Michael Hammer and James champy defined BPR as “the FUNDAMENTAL rethink­ing and RADICAL redesign of the business PROCESS to achieve DRAMATIC improve­ment in the critical contemporary measures of performance such as costs, quality, service, and speed.”

This definition contains the four key words:


Why do we do what we do?


Why do we do it that way?


Signifies getting to the root of the things, not making superficial changes in the branches or leaves of the organisation structure.



Signifies not incremental but quantum leaps in performance.


Signifies that the focus should be on process in addition to the task, job, people, and structure.

The word combination ‘business process’ is a collection of activities that take one or more kind of inputs and create an output that is of value to the customers. And the focus of reengineering is: what a company must do? (and) how to do it?


BPR is the process of rethinking and redesigning in the way we work. It is characterised by totally transforming the way in which a company is organised, bringing revolutionary changes in perspective and redesigning structures and focus. BPR seeks the reduction of unnecessary work.

More often than not, it requires the total demolition of the existing process. It is a move from functional stagnation to process-orientation action. Thus, BPR promises not just incremental but dramatic levels of improvement.

The chart below high­lights the process:

Achievement of B P R

Here, ‘continuous improvement’ means and requires relentless and on-going search for ways to improve business performance.


Through BPR, a business system is redesigned drastically to bring in improvements in the performance measures like cost and quality, and service and speed. This is achieved through the maxim: old order changed yielding place to new.

Following the original definition and the ideas contained in it, it can be said that while going in for BPR the organisation has to take harsh measures, devoid of human face, to ensure radical changes in the existing system of working.

The ground rules for the same are:


1. Radical changes can only occur when old ways or thinking are fully replaced with new ways.

2. Concrete results of BPR must be realised quickly.

3. Information technology (IT) plays a key role in any organisational change effort.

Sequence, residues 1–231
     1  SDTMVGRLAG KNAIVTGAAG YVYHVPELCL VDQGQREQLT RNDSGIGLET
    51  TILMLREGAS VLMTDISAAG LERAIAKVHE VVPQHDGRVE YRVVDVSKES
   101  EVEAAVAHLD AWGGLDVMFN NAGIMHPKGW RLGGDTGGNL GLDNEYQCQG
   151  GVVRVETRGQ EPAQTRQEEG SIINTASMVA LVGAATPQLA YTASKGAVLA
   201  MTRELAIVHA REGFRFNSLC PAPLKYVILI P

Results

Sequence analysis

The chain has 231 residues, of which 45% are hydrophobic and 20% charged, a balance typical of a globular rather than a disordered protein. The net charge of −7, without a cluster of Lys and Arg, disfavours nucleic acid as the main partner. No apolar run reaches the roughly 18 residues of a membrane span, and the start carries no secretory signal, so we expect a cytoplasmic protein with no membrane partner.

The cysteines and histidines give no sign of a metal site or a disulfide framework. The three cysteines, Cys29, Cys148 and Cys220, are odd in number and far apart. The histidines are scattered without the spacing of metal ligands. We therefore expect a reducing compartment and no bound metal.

4. Any change affects all parts of the organisation. A successful change effort, thus, must address and integrate people, technology, and structure with management philosophy.


An Indian firm, engaged in large scale projects throughout the country, has chalked out its phased programme to introduce BRR combining it with IT (Information Technology) as shown in a diagram below:

Programme tointroduce B P R combining it wait IT

BPR is sometimes referred to as Business Process Redesign in a complete sense to achieve a new and much higher standard of performance. BPR has three basic elements:

Process simulation, quality management and cost simulation:


(i) Process simulation:

Involves the running of trials of ‘as-is’ and ‘to-be’ models to test ‘what-if’ assumptions about process improvement and reengineering;

(ii) Quality management:

Requires an approach to process control and improvement that focuses on meeting customer expectations, reducing process variation, and continuous improvement; and

(iii) Cost simulation:

That is, simulation of cost reduction opportunities that help build commitments for improvement actions. This action includes evaluation of costs and benefits of alternative approaches to process re-engineering for all functions work units.


Since any process can be reengineered in various ways depending on the levels of ambition, BPR initiatives can be categorised into:

(i) Process improvement,

(ii) Process redesign, and

(iii) Business transformation.

While process improvement is the lowest degree of BPR, process redesign is a major degree of BPR, But, business transformation is the highest degree of BPR as it aims at reinventing the business through a top-down appraisal and redesigning of the business.